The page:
GDP: $4.2 billion, per capita $6,100; real growth rate 6.9% (1988 est.)

Inflation rate (consumer prices): 3.9% (1989 est.)

Unemployment rate: 2.8% (1988)

Budget: revenues $1.2 billion; expenditures $1.4 billion, including capital expenditures of $178 million (1989 est.)

Exports: $767 million (f.o.b., 1988); commodities—citrus, potatoes, grapes, wine, cement, clothing and shoes; partners—Middle East and North Africa 37%, UK 27%, other EC 11%, US 2%

Imports: $1.9 billion (c.i.f., 1988); commodities—consumer goods 23%, petroleum and lubricants 12%, food and feed grains, machinery; partners—EC 60%, Middle East and North Africa 7%, US 4%

External debt: $2.8 billion (1988)

Industrial production: growth rate 6.5% (1988)

Electricity: 620,000 kW capacity; 1,770 million kWh produced, 2,530 kWh per capita (1989)

Industries: mining (iron pyrites, gypsum, asbestos); manufactured products—beverages, footwear, clothing, and cement—are principally for local consumption

Agriculture: accounts for 8% of GDP and employs 22% of labor force; major crops—potatoes, vegetables, barley, grapes, olives, and citrus fruits; vegetables and fruit provide 25% of export revenues

Aid: US commitments, including Ex-Im (FY70-88), $272 million; Western (non-US) countries, ODA and OOF bilateral commitments (1970-87), $223 million; OPEC bilateral aid (1979-89), $62 million; Communist countries (1970-88), $24 million

Currency: Cypriot pound (plural—pounds) and in Turkish area, Turkish lira (plural—liras); 1 Cypriot pound (C) = 100 cents and 1 Turkish lira (TL) = 100 kuruṣ

Exchange rates: Cypriot pounds (C) per US$1—0.4854 (January 1990), 0.4933 (1989), 0.4663 (1988), 0.4807 (1987), 0.5167 (1986), 0.6095 (1985); in Turkish area, Turkish liras (TL) per US$1—2,314.7 (November 1989), 1,422.3 (1988), 857.2 (1987), 674.5 (1986), 522.0 (1985)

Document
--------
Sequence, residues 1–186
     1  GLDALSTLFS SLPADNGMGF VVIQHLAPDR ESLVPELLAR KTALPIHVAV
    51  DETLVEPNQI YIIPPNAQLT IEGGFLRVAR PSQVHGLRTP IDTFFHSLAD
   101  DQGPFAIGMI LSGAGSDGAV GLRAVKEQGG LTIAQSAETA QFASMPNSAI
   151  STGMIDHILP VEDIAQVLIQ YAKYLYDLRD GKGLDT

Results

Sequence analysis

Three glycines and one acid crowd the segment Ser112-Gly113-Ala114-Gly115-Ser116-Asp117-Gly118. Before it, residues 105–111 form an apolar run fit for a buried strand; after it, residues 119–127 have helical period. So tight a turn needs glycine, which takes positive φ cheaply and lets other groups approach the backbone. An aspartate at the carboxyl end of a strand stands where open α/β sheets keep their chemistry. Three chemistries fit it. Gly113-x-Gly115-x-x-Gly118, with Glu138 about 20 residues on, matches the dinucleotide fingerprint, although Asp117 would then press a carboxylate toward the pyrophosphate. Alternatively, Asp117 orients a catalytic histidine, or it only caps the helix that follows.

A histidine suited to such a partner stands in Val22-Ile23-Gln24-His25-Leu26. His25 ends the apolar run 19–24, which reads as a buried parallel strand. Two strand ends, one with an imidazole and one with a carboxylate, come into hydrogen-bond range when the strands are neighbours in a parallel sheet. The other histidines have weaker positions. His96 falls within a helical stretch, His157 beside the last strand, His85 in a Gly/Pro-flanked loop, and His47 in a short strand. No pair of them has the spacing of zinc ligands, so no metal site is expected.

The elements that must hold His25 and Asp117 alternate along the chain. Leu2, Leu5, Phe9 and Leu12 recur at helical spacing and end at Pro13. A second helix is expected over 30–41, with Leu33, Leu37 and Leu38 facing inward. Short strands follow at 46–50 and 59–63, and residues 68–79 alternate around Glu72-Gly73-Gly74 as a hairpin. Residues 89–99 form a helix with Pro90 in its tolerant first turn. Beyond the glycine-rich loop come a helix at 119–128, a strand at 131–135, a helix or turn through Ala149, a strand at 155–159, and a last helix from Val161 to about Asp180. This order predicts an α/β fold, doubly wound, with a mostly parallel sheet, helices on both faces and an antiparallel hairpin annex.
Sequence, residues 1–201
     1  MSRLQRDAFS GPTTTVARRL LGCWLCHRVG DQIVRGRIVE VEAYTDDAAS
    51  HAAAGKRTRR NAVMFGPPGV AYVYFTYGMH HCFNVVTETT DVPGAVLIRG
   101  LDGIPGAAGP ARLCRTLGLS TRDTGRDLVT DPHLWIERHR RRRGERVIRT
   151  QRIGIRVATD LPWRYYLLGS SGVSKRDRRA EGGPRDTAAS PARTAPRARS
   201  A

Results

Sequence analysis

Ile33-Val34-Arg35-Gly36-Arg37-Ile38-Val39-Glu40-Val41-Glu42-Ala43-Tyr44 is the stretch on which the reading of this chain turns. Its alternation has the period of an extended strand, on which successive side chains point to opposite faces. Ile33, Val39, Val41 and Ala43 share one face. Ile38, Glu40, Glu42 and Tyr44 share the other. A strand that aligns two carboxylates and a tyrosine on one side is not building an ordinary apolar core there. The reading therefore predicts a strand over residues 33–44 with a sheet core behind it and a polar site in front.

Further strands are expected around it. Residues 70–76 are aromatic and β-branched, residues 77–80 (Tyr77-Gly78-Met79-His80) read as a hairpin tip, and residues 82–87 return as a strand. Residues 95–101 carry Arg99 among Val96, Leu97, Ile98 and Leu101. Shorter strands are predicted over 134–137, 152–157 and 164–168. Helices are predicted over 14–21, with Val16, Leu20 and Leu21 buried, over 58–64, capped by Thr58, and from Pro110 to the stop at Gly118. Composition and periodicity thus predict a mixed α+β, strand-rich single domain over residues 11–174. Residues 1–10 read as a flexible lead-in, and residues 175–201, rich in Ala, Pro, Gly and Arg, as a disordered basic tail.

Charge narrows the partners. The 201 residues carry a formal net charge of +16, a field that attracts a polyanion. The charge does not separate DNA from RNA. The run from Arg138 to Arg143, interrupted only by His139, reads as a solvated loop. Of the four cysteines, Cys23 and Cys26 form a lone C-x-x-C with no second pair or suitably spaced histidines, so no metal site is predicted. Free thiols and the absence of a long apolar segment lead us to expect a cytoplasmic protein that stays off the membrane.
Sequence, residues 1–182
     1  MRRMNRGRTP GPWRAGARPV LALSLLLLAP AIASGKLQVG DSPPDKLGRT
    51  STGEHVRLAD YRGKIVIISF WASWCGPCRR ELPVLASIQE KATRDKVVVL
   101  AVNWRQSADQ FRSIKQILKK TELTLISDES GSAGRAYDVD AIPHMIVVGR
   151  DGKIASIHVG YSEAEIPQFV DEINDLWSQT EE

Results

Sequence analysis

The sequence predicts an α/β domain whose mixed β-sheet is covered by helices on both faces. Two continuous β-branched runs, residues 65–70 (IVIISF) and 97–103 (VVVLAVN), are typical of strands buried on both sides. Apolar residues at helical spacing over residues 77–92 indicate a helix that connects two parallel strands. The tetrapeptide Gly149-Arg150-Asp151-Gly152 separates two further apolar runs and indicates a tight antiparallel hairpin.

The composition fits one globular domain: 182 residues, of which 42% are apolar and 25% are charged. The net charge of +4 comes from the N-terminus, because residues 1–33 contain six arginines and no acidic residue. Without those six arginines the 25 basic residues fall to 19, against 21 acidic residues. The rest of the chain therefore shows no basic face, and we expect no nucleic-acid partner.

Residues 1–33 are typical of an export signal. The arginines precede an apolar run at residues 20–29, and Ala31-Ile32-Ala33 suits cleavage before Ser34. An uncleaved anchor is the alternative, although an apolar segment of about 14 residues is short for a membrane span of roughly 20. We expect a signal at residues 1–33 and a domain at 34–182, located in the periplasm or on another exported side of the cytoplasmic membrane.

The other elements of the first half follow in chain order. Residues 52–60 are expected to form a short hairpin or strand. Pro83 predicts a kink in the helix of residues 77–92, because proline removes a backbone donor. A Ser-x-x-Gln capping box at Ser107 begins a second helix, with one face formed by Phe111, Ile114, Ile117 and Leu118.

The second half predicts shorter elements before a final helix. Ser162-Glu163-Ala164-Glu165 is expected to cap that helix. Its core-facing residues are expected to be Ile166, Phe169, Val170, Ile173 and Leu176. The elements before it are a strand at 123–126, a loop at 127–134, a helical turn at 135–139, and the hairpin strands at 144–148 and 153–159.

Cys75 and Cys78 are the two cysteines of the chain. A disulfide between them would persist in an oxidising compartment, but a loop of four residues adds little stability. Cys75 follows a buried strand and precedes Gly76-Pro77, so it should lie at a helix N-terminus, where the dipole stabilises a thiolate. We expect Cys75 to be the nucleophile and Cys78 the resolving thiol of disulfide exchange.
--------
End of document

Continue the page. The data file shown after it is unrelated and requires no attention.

Fiscal year: calendar year


Highways: 10,780 km total; 5,170 km bituminous surface treated; 5,610 km gravel, crushed stone, and earth

Ports: Famagusta, Kyrenia, Larnaca, Limassol, Paphos

Merchant marine: 1,100 ships (1,000 GRT or over) totaling 18,093,340 GRT/32,148,550 DWT; includes 1 passenger, 12 short-sea passenger, 2 passenger-cargo, 434 cargo, 61 refrigerated cargo, 18 roll-on/roll-off cargo, 40 container, 94 petroleum, oils, and lubricants (POL) tanker, 1 specialized cargo, 3 liquefied gas, 13 chemical tanker, 29 combination ore/oil, 341 bulk, 3 vehicle carrier, 48 combination bulk carrier; note—a flag of convenience registry; Cuba owns at least 20 of these ships and Yugoslavia owns 1

Civil air: 8 major transport aircraft

Airports: 13 total, 13 usable; 10 with permanent-surface runways; none with runways over 3,659 m; 7 with runways 2,440-3,659 m; 2 with runways 1,220-2,439 m

Telecommunications: excellent in the area controlled by the Cypriot Government (Greek area), moderately good in the Turkish-Cypriot administered area; 210,000 telephones; stations—13 AM, 7 (7 repeaters) FM, 2 (40 repeaters) TV; tropospheric scatter circuits to Greece and Turkey; 3 submarine coaxial cables; satellite earth stations—INTELSAT, 1 Atlantic Ocean and 1 Indian Ocean, and EUTELSAT systems

Defense Forces

Branches: Cyprus National Guard; Turkish area—Turkish Cypriot Security Force

Military manpower: males 15-49, 180,946; 125,044 fit for military service; 5,083 reach military age (18) annually

Defense expenditures: 2% of GDP, or $84 million (1990 est.)